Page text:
Marian hands a
Friends' School flag over to Roger. The
flag was designed by Alyson Clarke from
Year 8 with the motto 'Seek ye the
things that are above'. Roger took the
flag with him to place at the summit of
LISBURN man Dr Roger McMorrow was truly on top of the world
this week when he phoned his wife to tell her he had conquered
He reached the summit of the world's highest
peak at 4am local time on Thursday after his gruelling trek
where he has been working with the Caudwell Xtreme Everest team
who are using the journey to carry out medical research.
Lisburn man rings his wife to say he's conquered
The former Friends' School pupil made his
ascent from the south, via the South East Ridge Following his
arrival at the summit, Roger made a special call home to speak
to his wife Sara.
Describing his achievement she said, "I'm
delighted he made it and that he is safe. He phoned me at 4am
our time from the summit ridge. Once they reached the summit
there were high winds and I have since heard that they are at
the South Col which is the highest camp up there.
"He sounded really relieved. He was out of
breath, which is to be expected, but he sounded strong and
pleased and he knows when you're at the top you're only half way
there so he wasn't elated yet. He told me he was there and that
he loved me and was on his way home, I'm so delighted."
Roger isn't expected to arrive home until
June 12, however Sara is hoping she and their daughters Aoife,
who is a year and half and Isolde, three months, can see him
before that, "He can probably shave a week off, he has research
to finish, which I think has gone well, but we can't wait to see
"His team were really strong, there were ten
in total and I think they all made it to the summit so I'm
delighted for all of them, but especially Roger." During the
treacherous climb he was confronted with temperatures down to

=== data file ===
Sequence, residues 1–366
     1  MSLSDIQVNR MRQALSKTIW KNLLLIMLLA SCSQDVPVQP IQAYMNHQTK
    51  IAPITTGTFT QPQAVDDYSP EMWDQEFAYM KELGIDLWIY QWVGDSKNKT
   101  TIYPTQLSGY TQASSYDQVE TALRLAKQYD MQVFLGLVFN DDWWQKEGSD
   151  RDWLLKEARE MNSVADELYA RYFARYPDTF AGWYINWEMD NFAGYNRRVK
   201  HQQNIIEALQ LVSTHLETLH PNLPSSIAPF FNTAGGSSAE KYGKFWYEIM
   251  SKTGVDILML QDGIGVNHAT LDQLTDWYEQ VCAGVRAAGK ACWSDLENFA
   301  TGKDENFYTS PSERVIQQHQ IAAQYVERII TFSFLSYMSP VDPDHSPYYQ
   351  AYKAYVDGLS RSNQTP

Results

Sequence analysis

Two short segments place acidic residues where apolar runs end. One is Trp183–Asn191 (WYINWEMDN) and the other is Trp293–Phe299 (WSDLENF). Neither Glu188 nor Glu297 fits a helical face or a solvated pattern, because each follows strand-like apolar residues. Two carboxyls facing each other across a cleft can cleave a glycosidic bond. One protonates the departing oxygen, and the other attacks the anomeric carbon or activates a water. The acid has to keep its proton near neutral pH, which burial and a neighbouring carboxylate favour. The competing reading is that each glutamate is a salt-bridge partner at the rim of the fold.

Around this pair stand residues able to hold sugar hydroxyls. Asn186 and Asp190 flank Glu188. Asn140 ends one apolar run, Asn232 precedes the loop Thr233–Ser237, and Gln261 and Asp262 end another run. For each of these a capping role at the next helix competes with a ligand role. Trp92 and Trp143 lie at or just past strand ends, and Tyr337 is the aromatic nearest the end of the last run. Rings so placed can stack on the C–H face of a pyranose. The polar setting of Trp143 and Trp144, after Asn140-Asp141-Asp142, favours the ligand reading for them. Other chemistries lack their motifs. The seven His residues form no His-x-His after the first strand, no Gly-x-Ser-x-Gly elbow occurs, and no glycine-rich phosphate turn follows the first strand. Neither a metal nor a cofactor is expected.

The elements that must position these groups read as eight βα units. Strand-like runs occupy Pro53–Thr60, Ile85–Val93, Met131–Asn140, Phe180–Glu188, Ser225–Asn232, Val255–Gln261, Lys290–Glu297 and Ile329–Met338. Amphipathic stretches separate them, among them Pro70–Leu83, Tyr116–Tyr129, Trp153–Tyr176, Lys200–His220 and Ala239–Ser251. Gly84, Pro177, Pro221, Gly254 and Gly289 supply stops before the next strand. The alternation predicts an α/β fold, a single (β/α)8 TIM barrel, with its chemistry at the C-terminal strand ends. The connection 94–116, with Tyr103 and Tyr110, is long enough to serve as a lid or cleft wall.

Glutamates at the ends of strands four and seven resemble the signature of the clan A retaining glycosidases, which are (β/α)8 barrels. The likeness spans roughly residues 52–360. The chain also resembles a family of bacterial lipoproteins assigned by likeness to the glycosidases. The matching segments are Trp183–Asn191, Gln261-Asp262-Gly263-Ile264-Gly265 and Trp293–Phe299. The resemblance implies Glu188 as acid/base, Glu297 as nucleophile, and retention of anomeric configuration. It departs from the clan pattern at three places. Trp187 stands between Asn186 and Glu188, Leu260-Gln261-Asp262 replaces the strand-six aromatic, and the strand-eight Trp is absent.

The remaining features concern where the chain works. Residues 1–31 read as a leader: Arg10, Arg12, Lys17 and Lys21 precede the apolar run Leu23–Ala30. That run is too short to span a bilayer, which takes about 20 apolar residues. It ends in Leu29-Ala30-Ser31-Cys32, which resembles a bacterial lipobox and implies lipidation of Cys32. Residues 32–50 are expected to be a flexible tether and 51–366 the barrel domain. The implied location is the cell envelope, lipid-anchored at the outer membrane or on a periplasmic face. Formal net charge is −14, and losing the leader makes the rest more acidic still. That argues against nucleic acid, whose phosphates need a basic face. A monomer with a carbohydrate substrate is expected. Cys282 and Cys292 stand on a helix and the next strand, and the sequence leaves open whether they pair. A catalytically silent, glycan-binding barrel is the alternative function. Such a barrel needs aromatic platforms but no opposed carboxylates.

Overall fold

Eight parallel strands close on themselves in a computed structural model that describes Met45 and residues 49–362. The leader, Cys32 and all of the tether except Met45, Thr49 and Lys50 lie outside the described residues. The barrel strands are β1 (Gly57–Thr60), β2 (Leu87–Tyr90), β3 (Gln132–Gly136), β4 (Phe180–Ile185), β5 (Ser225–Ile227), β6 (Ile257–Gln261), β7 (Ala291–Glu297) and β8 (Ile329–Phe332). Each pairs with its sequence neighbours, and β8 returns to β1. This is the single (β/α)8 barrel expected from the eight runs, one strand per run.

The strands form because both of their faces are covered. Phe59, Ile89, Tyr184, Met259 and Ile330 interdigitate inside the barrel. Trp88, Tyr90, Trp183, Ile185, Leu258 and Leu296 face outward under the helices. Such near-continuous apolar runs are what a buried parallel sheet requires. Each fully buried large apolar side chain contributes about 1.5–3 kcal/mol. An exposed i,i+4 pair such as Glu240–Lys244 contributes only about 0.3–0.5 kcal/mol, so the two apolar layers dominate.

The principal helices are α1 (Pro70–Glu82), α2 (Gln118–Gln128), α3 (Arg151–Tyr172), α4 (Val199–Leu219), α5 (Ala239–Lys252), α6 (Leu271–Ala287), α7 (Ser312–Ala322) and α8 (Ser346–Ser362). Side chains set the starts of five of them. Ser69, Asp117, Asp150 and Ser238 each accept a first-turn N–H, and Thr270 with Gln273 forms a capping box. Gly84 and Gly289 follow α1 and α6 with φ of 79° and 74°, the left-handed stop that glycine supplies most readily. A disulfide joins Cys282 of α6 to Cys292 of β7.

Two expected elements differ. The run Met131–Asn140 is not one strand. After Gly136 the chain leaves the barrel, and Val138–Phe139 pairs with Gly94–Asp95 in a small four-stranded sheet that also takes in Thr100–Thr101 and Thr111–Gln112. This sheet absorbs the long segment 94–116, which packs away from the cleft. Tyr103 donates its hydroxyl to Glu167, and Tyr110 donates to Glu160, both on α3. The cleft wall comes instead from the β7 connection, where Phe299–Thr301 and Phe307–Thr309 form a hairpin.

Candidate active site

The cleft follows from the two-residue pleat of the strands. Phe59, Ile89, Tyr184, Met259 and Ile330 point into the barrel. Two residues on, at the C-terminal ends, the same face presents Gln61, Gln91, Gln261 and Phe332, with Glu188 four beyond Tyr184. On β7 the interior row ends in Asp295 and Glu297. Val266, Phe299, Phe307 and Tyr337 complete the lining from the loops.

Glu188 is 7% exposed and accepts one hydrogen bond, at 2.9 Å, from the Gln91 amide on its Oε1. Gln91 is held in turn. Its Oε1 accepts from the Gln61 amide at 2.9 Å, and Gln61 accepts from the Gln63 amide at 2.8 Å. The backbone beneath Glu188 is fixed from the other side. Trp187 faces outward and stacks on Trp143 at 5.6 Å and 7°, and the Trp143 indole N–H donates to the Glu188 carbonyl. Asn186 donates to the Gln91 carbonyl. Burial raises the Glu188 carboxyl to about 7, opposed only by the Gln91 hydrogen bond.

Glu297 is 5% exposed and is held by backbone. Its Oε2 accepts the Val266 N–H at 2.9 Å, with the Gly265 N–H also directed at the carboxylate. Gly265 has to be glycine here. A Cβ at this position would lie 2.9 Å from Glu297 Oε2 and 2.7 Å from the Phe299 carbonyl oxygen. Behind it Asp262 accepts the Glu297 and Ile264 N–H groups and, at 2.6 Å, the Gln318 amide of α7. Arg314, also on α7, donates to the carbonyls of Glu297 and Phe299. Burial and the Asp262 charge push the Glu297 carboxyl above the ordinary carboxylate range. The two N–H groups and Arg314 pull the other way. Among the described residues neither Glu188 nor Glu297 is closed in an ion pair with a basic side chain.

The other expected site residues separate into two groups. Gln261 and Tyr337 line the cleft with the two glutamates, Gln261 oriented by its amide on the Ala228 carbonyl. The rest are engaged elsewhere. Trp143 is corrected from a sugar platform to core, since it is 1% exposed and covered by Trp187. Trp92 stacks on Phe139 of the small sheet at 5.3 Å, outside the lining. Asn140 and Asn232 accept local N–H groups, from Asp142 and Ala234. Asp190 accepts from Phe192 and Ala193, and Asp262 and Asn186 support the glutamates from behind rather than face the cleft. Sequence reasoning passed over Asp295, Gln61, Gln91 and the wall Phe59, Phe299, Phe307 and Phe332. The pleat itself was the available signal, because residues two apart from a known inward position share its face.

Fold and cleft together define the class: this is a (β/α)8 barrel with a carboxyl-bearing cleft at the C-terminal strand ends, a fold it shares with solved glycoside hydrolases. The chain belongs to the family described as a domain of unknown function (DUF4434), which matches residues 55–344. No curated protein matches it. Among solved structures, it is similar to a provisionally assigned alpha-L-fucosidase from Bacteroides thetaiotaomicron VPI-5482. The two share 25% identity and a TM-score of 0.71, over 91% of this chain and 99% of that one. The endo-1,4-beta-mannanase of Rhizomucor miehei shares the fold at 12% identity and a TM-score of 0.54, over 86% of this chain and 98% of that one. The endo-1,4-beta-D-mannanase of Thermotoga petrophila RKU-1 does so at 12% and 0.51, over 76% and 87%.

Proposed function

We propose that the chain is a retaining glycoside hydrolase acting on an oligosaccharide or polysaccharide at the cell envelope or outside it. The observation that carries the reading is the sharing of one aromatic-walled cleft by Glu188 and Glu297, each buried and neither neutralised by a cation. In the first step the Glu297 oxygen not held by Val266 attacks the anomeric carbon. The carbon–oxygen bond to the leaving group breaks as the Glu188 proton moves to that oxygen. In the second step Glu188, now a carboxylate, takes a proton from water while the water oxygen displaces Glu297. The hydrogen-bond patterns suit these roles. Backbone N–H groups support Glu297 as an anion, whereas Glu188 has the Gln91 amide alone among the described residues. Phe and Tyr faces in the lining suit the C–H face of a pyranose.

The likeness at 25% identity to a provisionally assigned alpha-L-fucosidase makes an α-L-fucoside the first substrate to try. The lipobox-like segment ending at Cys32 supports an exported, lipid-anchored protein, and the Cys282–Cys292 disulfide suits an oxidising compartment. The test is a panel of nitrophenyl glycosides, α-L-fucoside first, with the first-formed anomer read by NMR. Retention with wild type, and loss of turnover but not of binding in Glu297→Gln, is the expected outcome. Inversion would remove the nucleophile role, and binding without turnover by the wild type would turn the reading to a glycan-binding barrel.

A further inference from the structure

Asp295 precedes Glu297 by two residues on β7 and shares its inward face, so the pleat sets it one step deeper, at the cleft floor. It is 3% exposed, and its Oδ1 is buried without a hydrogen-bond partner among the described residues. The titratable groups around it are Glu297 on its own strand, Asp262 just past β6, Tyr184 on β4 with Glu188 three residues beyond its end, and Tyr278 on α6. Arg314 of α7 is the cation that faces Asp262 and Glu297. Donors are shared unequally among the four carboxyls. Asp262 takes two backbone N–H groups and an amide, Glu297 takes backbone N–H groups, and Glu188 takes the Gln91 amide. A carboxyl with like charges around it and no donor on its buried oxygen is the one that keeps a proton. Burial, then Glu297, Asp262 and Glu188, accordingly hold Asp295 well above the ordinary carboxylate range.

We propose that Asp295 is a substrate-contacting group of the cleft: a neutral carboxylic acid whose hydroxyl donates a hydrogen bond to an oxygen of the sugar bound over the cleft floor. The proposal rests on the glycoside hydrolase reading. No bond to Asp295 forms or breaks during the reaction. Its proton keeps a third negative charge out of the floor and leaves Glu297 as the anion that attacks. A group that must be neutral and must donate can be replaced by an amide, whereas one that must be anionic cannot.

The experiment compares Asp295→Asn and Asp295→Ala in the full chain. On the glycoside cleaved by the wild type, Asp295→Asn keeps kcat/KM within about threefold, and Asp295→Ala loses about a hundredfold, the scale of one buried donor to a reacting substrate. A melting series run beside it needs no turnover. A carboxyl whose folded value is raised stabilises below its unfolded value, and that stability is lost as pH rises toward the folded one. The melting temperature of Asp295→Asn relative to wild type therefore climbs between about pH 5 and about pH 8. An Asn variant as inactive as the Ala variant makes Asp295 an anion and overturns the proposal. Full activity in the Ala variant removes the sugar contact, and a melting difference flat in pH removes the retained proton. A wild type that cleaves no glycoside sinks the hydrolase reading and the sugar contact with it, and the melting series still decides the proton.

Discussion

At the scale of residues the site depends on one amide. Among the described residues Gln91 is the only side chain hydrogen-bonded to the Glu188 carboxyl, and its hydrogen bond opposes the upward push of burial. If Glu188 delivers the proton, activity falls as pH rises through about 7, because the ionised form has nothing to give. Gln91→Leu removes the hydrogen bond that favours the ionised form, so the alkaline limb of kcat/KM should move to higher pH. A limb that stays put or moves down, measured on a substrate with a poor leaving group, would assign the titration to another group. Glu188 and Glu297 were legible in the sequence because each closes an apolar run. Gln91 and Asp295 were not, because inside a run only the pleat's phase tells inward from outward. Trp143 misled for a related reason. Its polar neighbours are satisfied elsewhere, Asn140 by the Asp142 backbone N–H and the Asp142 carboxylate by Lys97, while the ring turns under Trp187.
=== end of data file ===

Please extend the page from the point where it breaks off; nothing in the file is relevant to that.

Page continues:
-40°C, high winds, storms and critically low oxygen levels.
Frostbite, exhaustion, hypothermia and high altitude illness
(mountain sickness )were ever-present and potentially fatal
During his climb Roger kept in touch with
loved ones via a web blog, in which he described his journey.
'Experience of a lifetime' on Everest for
FRIENDS' school teacher Miss Marian Mateer has described a
journey she made to Everest in March as the 'experience of a
Miss Mateer spent 23-days on Everest, working
with Dr McMorrow as a volunteer with the the Caudwell Xtreme
Everest medical study.
She said, "I first heard about the trek last
June from Roger McMorrow and I set about trying to get myself as
fit as possible. To help keep me motivated I raised money for
two charities – Cancer
Research and Marie Curie, and got a total of
£4,300." Describing her journey she added: "Along our route we
were tested by teams of doctors/nurses who normally work in
Intensive Care Units. "The tests were looking at how we were
affected by low levels of oxygen as we gained altitude. The
results of these will ultimately help critically ill patients
who suffer from low oxygen levels."
She continued, "The trek to base camp took 10
days. The trekking itself was not too difficult but coping with
the altitude was. The scenery, however, was
stunning. 'Arriving at base camp was really exciting. It's a
desolate place but it was just teeming with people and activity.
We were tested once more and spent the rest of the time
exploring the Khumbu Icefall and taking photos."
Once there, however, she decided to go even
further as she explained: "I went with four others up an extra
300m to the top of Kala Pattar which afforded great views of
Everest. I would go back again tomorrow if possible."
Research on trip will benefit critically ill
THE Caudwell Xtreme Everest team is a
research project co-ordinated by the Centre for Altitude, Space
and Extreme (CASE) environment medicine.
Their goal was to place a research team on
the summit of Mount Everest and make the first ever measurement
of the level of oxygen in human blood at this extreme altitude.
This research will be the centrepiece of an
extensive programme of research into hypoxia (low oxygen
levels), altitude illness and human performance at extreme
The CASE team hope that the lessons learnt
from studying humans in life at the limits of survival can be
brought back to help in the care of critically ill children and
Dr McMorrow set up laboratories at Base Camp
(5300m), in the Western Cwm (6200m) and even carried out some
experiments on the South Col (7900m).
His team then made a few essential
measurements on the summit, before beginning the return journey.